When mobile first broke out on the retail scene, it was promptly designated as a tool for marketing executives to leverage as a means of targeting broad audiences – perhaps with a banner ad, or a mobile-optimized version of a site. Its transformation into a commerce-first catalyst, however, has significantly affected the role of the modern-day CMO. Marketing executives around the globe are urged to push mobile-first ideas and advertising initiatives through their respective organizations, meaning that chief marketing officers must have already adopted a digital mindset in order to receive them.
While the execution of traditional marketing tactics – such as print and display ads – is still very much embedded within CMOs’ repertoires, these executives’ positions have rapidly changed to make way for a slew of new strategies that make their job goals easier to accomplish in some ways, and more challenging in others.
Wrapping up real-time data: Marketing to specific audience segments has never been simpler, thanks to the advent of mobile. Instead of figuratively throwing advertising initiatives at several niche markets and hoping that they stick, CMOs can make informed decisions based on real-time data collected by analytics from consumers’ social media usage, as well as mobile apps and sites. These types of decisions can significantly affect the bottom line for many companies, as executives can roll out ads that have a much higher likelihood of resonating with their respective target audiences. Another bonus – individuals in top-level positions no longer have to wait weeks or months to have data compiled. With the use of analytics platforms and social media managers, verdicts can be reached imminently, a helpful strategy in times when quick response rates on mobile-first platforms are very much necessary.
Changing up hiring hierarchies: Ever since mobile cemented itself as a top communication medium, most businesses’ hiring needs have changed accordingly. Chief marketing officers are now tasked with hiring social media executives that will act as a bridge between the brand and its consumers. Experts in this field may help identify new target audiences, discover the trendiest new platforms and be on-call during major cultural events, such as the Super Bowl or the Academy Awards, to respond to buzzworthy moments with brand-related content. Paving the way for mobile-centric departments under the umbrella of marketing is paramount for any CMO seeking to snag some portion of millennials’ – and younger consumers’ – minds and wallets.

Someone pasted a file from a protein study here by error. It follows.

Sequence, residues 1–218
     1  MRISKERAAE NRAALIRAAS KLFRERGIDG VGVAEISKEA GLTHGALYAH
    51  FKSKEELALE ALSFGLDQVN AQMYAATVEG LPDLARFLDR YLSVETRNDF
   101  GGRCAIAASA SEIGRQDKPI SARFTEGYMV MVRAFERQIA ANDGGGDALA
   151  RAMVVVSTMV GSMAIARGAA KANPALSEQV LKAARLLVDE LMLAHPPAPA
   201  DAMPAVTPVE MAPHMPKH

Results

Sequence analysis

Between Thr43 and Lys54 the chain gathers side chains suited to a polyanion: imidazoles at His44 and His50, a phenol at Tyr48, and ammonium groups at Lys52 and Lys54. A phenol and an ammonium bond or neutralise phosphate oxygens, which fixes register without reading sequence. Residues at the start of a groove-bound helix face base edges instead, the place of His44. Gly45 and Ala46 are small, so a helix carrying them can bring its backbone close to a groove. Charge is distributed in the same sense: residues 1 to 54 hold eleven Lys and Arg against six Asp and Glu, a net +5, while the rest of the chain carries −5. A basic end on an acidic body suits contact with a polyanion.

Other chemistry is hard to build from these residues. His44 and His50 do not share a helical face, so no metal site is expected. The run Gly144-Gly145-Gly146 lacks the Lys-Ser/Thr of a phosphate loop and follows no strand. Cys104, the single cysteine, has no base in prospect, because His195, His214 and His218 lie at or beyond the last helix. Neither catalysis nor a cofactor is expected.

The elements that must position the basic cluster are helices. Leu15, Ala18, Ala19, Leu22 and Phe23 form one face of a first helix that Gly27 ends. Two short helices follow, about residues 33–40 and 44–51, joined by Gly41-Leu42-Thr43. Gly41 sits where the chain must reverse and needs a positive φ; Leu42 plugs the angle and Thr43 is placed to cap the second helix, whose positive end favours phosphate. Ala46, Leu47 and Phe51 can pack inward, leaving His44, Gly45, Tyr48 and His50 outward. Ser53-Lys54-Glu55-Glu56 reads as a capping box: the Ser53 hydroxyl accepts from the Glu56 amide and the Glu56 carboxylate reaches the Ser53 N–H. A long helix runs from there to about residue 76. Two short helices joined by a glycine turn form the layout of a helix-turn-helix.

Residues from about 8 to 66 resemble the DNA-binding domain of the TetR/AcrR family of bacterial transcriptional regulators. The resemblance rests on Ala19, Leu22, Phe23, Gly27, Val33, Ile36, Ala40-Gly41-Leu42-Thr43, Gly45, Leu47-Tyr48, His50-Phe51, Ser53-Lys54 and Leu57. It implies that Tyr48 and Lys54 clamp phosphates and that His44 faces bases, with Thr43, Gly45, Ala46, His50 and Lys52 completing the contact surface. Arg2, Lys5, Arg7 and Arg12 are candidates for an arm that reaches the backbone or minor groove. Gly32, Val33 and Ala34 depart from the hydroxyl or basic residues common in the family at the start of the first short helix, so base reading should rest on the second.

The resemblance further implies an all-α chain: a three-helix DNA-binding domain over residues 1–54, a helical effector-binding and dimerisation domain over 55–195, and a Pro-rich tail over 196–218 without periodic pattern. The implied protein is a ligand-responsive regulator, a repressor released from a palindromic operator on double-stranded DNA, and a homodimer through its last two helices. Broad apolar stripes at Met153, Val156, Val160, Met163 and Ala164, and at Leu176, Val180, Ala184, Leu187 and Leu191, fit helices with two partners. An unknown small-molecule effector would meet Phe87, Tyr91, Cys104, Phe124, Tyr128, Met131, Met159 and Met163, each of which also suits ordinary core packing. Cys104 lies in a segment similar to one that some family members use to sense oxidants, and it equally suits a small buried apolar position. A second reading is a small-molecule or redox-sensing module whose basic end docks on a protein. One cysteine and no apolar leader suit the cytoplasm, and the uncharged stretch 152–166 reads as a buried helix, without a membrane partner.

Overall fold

In-house and cross-channel: The proliferation of mobile retailing has forced some CMOs to make tough calls when it comes to actually implementing smart devices in bricks-and-mortar locations. While having a slew of smartphones and tablets in companies’ headquarters is an inherent assumption, not every brand enables its in-store associates to carry mobile devices while out on the floor. Select retailers, including Dick’s Sporting Goods, have okayed this strategy – which has resulted in an uptick in sales, due to consumers being able to purchase out-of-stock inventory or different sizes right on the spot. Other chief marketing officers have been wary of this tactic, mostly for fear of causing immediate distraction among employees. Nevertheless, it is up to senior-level executives to decide if mobile’s capabilities are best-suited to being omnipresent in their brands’ storefronts as well.
Although retailers have been expanding their marketing efforts via many digital avenues, mobile certainly takes the cake as the biggest retail transformation catalyst. Opportunities for reaching existing and new customers via smartphones keep growing, thereby giving businesses the upper hand in distributing relevant content, and using their followers’ real-time data to plan ahead for the next challenge. Chief marketing officers may have more on their plate these days, but they know they can count on mobile to vary up their advertising palates.
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